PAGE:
- Jamie Stewart, DVM, PhD, MS, DACT, assistant professor of production management medicine, Department of Large Animal Clinical Sciences (email@example.com, 540-231-9251). NOT AVAILABLE FOR SUMMER 2024
- Ashley Wilkinson, DVM, MS, DACVIM, assistant professor of internal medicine, Department of Small Animal Clinical Sciences (firstname.lastname@example.org, 540-231-7690). NOT AVAILABLE FOR SUMMER 2024
- Sharon Witonsky, DVM, PhD, DACVIM, associate professor of equine field services, Department of Large Animal Clinical Sciences (email@example.com, 540-231-2773).
- Blaise Costa, MPharm, PhD, associate professor of pharmacology, Edward Via College of Osteopathic Medicine (firstname.lastname@example.org, 540-231-1468).
- Shannon Farris, PhD, assistant professor of neuroscience, Department of Biomedical Sciences and Pathobiology (email@example.com).
- Paul Morton, PhD, assistant professor of neurodevelopment and neurobiology, Department of Biomedical Sciences and Pathobiology (firstname.lastname@example.org, 540-231-4891).
- Yuchin Pan, PhD, associate professor of neuroscience, Department of Biomedical Sciences and Pathobiology (email@example.com).
- Rell Parker, DVM, PhD, DACVIM–Neurology, assistant professor of neurology and neurosurgery, Department of Small Animal Clinical Sciences (firstname.lastname@example.org, 540-231-2735).
- John H. Rossmeisl, Jr., DVM, MS, DACVIM–Internal Medicine and Neurology, Dr. and Mrs. Dorsey Taylor Mahin Professor of Neurology and Neurosurgery, Department of Small Animal Clinical Sciences (email@example.com).
- Sharon Swanger, PhD, assistant professor of neuroscience, Department of Biomedical Sciences and Pathobiology (firstname.lastname@example.org).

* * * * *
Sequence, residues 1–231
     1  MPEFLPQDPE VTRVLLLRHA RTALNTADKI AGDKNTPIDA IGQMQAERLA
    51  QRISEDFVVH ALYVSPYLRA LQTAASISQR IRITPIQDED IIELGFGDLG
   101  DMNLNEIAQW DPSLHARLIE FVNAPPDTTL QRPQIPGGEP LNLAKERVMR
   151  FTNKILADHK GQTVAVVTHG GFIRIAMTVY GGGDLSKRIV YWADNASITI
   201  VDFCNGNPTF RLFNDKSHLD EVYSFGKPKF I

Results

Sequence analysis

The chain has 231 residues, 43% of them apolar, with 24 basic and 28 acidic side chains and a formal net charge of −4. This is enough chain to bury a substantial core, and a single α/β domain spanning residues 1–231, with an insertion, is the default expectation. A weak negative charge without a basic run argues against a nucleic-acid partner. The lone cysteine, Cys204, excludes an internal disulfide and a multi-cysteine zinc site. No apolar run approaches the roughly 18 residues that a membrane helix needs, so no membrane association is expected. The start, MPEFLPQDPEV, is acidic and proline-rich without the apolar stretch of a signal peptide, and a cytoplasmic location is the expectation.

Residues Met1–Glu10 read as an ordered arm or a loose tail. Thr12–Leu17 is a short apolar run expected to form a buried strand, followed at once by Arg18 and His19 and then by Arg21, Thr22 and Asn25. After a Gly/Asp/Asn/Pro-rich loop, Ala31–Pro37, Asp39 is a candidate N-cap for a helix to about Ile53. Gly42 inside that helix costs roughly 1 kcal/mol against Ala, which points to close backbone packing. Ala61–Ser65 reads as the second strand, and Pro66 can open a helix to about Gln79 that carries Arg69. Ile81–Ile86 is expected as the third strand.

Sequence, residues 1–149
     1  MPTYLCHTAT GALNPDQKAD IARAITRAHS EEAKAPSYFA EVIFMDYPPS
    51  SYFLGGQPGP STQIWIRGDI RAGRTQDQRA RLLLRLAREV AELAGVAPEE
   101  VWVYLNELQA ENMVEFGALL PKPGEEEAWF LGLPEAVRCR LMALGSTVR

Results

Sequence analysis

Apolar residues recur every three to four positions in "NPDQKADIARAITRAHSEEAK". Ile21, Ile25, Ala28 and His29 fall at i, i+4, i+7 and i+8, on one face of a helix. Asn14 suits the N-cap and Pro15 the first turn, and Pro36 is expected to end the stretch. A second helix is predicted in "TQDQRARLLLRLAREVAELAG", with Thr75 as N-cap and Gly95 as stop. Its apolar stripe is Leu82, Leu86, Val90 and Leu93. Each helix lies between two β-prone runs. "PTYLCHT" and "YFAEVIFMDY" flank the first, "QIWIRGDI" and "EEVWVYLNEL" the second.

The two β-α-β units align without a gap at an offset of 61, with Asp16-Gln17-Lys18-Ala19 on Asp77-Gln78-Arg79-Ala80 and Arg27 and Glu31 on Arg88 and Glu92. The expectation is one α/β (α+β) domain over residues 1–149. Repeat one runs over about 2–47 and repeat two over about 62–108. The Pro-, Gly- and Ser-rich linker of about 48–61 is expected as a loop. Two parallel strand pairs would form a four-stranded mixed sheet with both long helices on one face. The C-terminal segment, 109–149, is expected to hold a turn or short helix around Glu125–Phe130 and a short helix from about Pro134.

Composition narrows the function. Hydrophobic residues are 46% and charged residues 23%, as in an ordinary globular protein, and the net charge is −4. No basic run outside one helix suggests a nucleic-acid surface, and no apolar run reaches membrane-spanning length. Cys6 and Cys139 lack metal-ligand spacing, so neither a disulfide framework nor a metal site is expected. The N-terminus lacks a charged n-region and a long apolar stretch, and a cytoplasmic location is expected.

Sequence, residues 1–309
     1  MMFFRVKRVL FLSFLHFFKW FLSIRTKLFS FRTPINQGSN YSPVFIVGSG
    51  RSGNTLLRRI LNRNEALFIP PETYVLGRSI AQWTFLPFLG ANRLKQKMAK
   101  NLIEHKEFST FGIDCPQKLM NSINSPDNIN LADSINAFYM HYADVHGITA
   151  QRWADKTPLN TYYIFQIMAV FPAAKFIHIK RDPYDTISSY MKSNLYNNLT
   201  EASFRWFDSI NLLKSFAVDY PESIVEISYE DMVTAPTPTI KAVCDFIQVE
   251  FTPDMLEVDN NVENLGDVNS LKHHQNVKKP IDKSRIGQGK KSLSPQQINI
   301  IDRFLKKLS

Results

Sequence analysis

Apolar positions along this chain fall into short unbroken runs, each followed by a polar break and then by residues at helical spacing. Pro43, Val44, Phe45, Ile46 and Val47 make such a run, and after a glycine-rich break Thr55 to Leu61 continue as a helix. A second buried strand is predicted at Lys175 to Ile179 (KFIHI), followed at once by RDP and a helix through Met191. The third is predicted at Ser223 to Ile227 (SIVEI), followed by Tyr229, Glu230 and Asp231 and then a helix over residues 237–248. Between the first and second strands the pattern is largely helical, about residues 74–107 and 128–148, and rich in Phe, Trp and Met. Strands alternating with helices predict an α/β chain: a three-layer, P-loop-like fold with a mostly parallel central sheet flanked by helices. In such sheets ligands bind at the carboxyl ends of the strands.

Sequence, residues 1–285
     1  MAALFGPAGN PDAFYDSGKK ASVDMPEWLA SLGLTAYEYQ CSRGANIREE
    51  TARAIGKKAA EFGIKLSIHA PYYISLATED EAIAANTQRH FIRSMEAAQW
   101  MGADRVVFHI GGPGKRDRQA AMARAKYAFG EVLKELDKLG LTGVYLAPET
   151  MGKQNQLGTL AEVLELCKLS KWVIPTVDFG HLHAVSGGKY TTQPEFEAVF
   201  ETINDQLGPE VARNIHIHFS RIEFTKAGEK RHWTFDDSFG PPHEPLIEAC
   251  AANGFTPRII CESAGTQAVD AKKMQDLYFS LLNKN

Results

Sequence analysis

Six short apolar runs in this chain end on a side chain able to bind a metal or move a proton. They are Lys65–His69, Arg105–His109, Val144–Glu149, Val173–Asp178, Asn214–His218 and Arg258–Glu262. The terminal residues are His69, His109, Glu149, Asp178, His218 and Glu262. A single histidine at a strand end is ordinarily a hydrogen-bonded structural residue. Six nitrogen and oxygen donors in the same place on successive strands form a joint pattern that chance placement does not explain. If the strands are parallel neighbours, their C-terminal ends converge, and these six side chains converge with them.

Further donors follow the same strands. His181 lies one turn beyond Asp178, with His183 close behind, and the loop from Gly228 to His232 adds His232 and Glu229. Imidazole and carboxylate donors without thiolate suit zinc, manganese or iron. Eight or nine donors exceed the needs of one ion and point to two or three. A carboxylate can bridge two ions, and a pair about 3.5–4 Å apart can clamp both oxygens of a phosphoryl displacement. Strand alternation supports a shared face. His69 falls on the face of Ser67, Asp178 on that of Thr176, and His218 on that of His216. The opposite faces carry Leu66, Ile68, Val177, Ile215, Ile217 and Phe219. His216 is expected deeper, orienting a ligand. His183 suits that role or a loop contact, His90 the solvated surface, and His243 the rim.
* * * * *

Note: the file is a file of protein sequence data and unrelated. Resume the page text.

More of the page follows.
- Michelle Theus, PhD, associate professor of molecular and cellular neurobiology, Department of Biomedical Sciences and Pathobiology (email@example.com).
- Hehuang "David" Xie, PhD, professor of epigenomics and computational biology, Department of Biomedical Sciences and Pathobiology (firstname.lastname@example.org, 540-231-9244).
Population Health Sciences/Public Health
- Laura Hungerford, DVM, MPH, PhD, CPH, department head, Population Health Sciences, professor of veterinary public health and epidemiology, Department of Population Health Sciences (email@example.com, 540-231-3532).
- Cassidy Rist, DVM, MPH, DACVPM, assistant professor, Center for Public and Corporate Veterinary Medicine, Department of Population Health Sciences (firstname.lastname@example.org, 540-231-3373).
- Audrey Ruple, DVM, MS, PhD, DACVPM, MRCVS, associate professor of quantitative epidemiology, Metcalf Professor of Veterinary Medical Informatics, Department of Population Health Sciences (email@example.com, 540-231-0342).
- Alexandra Tolleson
Thromboelastography in cats with hypertrophic cardiomyopathy
- Tara Long
Exploring correlations between horse behavior and serologic antibody presence for Borrelia burgdorfer
- Jessie Gaine
Assessment of teleneurology and its accuracy in neurolocalization during a veterinary neurologic exam
- Annika Heyder, Freie Universität Berlin
Fitness of Usutu Virus in mosquito and mouse cells
- Brett Connolly
Assessment of teleneurology and its accuracy in neurolocalization during a veterinary neurologic exam
- Ryan Jordan
DNA Sequence Variation Assessment of Toll-Like Receptor, Immune Response Gene mgTLR+, in Meleagris gallopavo
- Alex Marsh
Analysis of Piroplasmids in Ectoparasites of snakes in the Peruvian Amazon
- Julianna Scardina
Strolling with shelter cats
- Taylor Mortensen
The bacterial microbiome of ectoparasites found on snakes in the Peruvian Amazon
- Kelli Gillespie
Validation of iSperm analyzer for assessing ram semen quality
- Noah Goldfarb
An Investigation of High Pulse Repetition Frequency Histotripsy for Osteosarcoma Ablation
- Olivia Echols
Investigating the ablative and immunomodulatory effects of high-frequency irreversible electroporation in osteosarcoma
- Matthew Santos
Assessing T-Cell Responses to a Novel Preclinical Zika Virus Vaccine Candidate
- Zach Kirkpatrick